The overarching goal of this dissertation was to understand the extent of opioid use among persons with traumatic brain injury (TBI) and inform health policy related to these medications. Both the population of persons with TBI and the integrated structure of care in the Veterans Health Administration (VHA) makes VHA data particularly relevant to this purpose and was therefore used for all analyses. The goals were accomplished through three sets of analyses organized into three chapters. Chapter 2 found that opioid use among Iraq and Afghanistan Veterans in general is lower than Veterans as a whole and that while TBI was not a risk factor for receiving opioids among this group, when opioids were used, they were used more aggressively. Chapter 3 found that, in a cohort of Iraq and Afghanistan Veterans with TBI, approximately 20% initiated opioids in the 365 after diagnoses and about 25% of initiators used opioids chronically. Women appeared more likely to initiate opioids, but not to use them chronically. This was a particularly interesting finding given that women Veterans report a higher prevalence of painful conditions and use more care for treatment of these conditions. Indeed, in the analyses for this dissertation the prevalence of pain conditions was higher in women Veterans than in their male counterparts. Chapter 4 analyses examined the impact of opioid use on the risk of negative clinical outcomes among Veterans with TBI. Multiple analytic strategies were used; overall the models suggested that negative clinical outcomes were most strongly associated with any opioid use, rather than chronic use and that women were particularly likely to have a negative outcome. The findings suggest that the various opioid-related policies implemented prior to 2012 have had little impact and provide a baseline comparison for new policies implemented in 2013 and 2014. From a clinical perspective, this work suggests that clinicians should carefully consider when and how to prescribe opioids among individuals with TBI. However at this time, there are no specific clinical guidelines to help providers make these decisions, underscoring the need for more work in this area.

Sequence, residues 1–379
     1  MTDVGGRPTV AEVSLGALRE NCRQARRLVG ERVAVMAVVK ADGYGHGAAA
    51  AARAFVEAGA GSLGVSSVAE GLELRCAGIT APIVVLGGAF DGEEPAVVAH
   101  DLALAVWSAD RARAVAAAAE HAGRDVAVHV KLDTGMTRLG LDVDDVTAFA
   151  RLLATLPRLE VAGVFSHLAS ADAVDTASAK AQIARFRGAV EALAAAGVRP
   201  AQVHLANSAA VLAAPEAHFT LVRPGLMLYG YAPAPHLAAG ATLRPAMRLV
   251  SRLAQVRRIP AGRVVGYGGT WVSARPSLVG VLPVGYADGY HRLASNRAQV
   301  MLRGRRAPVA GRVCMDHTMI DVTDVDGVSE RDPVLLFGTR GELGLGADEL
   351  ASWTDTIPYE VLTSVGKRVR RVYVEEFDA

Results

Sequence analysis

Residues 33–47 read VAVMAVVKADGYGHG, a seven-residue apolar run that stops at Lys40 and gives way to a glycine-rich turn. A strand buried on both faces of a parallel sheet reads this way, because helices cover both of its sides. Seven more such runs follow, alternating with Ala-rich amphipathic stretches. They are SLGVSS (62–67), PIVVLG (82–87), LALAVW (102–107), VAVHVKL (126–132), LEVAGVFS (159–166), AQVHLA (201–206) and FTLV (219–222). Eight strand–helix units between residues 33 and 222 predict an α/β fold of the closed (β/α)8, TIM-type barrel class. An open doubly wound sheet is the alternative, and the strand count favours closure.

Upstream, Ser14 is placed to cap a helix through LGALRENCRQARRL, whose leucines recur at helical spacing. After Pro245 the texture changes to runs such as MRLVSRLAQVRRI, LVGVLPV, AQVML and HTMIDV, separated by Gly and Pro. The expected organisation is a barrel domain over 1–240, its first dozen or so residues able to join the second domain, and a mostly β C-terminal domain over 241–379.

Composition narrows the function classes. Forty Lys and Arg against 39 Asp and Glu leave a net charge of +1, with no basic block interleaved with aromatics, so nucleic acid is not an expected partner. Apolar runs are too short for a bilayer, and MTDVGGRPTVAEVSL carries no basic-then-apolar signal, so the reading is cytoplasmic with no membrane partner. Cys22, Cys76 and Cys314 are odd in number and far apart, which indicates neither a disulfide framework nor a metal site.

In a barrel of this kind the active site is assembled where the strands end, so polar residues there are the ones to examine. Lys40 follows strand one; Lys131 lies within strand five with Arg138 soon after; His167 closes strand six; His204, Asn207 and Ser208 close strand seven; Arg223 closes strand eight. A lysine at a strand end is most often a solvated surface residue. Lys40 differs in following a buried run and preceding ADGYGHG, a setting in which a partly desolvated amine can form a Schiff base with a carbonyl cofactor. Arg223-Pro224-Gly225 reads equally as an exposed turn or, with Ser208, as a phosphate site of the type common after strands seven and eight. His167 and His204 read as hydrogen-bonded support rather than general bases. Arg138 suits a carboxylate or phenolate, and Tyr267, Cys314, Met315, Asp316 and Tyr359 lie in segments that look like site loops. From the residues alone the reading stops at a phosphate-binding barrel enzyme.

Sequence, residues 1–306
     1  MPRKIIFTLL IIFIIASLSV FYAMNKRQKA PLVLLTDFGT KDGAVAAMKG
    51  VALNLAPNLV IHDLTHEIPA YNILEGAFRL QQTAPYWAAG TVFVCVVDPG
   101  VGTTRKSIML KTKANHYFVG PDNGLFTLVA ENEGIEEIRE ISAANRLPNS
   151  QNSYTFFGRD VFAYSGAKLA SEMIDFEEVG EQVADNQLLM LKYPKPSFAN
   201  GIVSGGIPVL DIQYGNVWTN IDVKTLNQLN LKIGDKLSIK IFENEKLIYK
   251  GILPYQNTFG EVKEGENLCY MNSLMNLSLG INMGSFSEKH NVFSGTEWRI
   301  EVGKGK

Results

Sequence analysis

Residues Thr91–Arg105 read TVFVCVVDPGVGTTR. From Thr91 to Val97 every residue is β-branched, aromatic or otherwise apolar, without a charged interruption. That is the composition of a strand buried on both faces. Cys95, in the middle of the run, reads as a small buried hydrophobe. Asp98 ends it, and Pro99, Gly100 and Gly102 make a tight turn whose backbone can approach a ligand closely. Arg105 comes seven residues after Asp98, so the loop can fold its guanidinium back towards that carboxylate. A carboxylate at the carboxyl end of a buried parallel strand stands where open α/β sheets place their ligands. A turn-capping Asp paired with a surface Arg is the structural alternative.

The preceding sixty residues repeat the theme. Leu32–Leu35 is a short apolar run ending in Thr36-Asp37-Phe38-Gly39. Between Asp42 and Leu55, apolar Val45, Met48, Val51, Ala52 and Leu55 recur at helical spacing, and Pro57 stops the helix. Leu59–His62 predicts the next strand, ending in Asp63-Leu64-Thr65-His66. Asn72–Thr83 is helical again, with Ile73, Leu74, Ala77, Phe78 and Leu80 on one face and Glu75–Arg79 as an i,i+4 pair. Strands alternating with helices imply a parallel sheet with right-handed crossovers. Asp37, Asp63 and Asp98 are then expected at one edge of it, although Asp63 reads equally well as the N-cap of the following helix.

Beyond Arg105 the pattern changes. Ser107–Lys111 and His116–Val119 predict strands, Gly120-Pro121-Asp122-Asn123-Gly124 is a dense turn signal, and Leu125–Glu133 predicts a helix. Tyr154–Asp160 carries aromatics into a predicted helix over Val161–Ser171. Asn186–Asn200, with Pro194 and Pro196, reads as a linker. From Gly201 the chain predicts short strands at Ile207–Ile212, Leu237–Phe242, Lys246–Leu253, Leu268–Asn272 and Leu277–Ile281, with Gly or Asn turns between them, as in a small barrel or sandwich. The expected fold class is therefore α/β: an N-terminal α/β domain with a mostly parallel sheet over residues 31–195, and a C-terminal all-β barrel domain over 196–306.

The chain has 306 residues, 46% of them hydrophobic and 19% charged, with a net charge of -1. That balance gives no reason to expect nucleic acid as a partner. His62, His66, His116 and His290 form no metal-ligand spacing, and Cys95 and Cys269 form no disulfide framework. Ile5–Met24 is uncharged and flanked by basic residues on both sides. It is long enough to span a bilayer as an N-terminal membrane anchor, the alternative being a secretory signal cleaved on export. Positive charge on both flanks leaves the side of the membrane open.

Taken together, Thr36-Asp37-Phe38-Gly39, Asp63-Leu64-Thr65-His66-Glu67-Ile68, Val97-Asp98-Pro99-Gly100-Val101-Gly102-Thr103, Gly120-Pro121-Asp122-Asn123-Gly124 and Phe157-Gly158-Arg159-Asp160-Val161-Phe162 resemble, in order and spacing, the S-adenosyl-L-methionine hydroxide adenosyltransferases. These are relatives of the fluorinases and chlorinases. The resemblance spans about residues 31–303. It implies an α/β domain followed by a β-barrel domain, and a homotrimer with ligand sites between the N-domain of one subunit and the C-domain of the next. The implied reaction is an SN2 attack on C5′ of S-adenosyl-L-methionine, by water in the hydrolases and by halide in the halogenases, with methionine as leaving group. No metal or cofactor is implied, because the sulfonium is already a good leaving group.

|Advisor:||Curran, Geoffrey M.|
|Commitee:||Bird, Tommy M., Booth, Brenda M., Owen, Richard R., Tilford, John M.|
|School:||University of Arkansas for Medical Sciences|
|Department:||Health Promotion and Prevention Research|
|School Location:||United States -- Arkansas|
|Source:||DAI-A 76/09(E), Dissertation Abstracts International|
|Subjects:||Public health, Public policy|
|Keywords:||Opioid drugs, Traumatic brain injury, Veterans health administration|
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